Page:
@red-baron, you’re certainly not wrong there! No other automobile marque has quite as strong ties with aviation. But which Saab picture would then be your favourite?

    I’m of course biased towards BMW, and for me it simply has to be this one…

  4. yrhmblhst

    Hmmm… as for the bonus question…that doesnt appear to be James Hunt in the photo captioned such. Whilst not overly familiar with advertising in European magazines – at least ones not in English – I’d hazard a guess that either the 924 ad has been diddled with , or the Mercedes ad; something about it doesnt look quite right, if the first guess isnt what you were looking for.
    Agreed – to a point – that aircraft work well in advertising ; the connection is to portray speed, engineering, adventure and status. No problem there. However, I think women work well also, and not JUST for men. It depends upon the woman and the target audience; a great example is the ProTrac tyre poster shown above. Their target audience was the young male musclecar/hot rod owner. This was out when I was working in a parts store, and we never sold a set of those tyres to anyone much over 30, and never to a girl as far as I can remember. [in fact, we may have even made more money selling that poster than we did on the tyres…] Pro Trac knew their demographic and targeted same effectively.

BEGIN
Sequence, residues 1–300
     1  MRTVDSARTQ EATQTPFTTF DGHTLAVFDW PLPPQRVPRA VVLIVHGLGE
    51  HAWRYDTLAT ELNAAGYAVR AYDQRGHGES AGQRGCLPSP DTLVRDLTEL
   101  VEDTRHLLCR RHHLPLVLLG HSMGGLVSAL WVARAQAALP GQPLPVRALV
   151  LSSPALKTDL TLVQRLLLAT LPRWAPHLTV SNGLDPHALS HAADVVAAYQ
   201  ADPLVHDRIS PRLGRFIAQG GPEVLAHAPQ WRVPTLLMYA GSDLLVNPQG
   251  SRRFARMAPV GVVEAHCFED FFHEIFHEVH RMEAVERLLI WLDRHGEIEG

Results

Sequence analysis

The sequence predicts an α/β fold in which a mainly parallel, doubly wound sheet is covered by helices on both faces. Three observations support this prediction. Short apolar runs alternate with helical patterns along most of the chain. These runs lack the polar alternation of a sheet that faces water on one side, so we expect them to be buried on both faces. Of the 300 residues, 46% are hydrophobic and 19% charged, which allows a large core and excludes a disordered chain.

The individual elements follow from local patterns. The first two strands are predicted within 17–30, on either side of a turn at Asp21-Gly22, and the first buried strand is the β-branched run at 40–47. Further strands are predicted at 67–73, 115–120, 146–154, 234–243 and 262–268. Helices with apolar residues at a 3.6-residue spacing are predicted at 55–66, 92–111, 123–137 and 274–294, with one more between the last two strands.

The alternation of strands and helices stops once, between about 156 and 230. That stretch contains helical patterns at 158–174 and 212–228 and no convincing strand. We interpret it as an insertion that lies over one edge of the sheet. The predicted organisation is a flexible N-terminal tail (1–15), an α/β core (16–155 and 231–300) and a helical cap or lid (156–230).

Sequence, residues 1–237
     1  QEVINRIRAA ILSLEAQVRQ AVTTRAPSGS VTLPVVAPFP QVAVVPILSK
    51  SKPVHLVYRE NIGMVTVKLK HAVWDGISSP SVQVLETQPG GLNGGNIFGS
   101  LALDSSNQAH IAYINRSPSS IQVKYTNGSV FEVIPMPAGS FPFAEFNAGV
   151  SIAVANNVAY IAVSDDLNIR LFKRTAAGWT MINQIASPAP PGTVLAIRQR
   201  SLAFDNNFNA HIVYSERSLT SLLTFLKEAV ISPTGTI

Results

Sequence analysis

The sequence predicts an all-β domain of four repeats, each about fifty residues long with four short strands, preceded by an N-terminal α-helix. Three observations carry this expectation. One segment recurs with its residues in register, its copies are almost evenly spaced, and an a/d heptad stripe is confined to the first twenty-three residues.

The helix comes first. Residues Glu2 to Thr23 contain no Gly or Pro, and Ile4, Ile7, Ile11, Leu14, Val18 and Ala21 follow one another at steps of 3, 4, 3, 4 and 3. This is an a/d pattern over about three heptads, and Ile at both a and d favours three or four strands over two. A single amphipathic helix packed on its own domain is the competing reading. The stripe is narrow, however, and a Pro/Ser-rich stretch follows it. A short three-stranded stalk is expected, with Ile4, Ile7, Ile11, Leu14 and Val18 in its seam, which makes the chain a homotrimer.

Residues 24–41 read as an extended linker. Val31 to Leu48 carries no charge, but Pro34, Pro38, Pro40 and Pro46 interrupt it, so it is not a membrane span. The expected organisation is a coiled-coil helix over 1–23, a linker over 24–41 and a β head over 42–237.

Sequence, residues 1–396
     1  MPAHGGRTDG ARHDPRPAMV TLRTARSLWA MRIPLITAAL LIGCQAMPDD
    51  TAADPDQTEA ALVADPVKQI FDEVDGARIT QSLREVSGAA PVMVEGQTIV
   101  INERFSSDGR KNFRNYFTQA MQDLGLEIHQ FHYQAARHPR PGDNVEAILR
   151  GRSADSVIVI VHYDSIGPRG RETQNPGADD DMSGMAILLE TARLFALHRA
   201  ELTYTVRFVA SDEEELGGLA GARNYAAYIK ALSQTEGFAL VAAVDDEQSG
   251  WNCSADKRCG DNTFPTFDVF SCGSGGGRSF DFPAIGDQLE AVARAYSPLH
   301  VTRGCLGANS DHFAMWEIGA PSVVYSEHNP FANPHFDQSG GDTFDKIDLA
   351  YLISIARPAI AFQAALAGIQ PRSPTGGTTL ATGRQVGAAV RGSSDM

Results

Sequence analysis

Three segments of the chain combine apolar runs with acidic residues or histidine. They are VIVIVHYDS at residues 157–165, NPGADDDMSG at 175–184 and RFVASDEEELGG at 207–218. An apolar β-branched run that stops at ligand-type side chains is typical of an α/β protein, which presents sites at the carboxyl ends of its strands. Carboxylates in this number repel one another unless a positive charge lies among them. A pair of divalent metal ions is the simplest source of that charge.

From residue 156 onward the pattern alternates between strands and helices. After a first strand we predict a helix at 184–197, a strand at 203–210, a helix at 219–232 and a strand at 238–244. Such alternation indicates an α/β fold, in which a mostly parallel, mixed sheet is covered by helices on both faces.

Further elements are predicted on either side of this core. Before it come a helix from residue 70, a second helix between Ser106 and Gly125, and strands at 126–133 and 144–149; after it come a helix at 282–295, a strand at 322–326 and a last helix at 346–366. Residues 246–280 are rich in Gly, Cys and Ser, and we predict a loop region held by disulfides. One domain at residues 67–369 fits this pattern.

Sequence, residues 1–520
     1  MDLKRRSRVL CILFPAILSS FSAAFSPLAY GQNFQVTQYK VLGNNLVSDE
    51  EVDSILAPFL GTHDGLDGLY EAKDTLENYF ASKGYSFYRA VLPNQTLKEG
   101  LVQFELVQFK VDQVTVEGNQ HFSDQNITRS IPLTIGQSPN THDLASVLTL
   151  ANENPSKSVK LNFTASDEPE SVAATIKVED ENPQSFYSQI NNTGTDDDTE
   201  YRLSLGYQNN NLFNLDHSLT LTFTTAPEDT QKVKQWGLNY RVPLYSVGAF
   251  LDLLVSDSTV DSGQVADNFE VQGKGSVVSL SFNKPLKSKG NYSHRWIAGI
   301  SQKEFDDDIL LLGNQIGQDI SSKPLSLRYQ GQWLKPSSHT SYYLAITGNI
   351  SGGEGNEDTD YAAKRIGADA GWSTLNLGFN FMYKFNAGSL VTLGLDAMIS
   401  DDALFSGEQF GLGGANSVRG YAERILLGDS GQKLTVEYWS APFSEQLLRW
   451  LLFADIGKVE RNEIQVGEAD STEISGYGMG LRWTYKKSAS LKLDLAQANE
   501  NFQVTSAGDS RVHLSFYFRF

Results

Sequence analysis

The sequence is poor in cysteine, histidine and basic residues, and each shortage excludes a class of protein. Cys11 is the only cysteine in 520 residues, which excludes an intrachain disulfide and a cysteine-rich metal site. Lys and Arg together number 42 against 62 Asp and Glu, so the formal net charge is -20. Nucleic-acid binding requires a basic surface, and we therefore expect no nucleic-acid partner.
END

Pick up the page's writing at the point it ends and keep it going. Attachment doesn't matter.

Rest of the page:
However, a tall, elegant, fashionably clad woman can [ and has been ] be used effectively for advertising to both sexes. The , uh, ahem, ‘more mature’ man AND women of most age ranges like the look of such a person and would like to be associated with that image and all its connotations… Just gotta know your target market. same thing with using motorsports – need to know your market. But women and dogs work for nearly every demographic -as do, to an extent, aircraft; just need to be selective how you portray the woman.
    [oh….and the only ‘advertising trick’ that would be effective on “feminists’ {who are the antithesis of feminine} would need to show a mans head on a chopping block or his privates in a vise… dont get me started.]

  5. Claus Ebberfeld

    @yrhmblhst nailed it: The Mercedes ad is not very period correct. Or rather, it is – except for the newer car in the background. Fine story about the money made on the posters rather than on the actual product :-).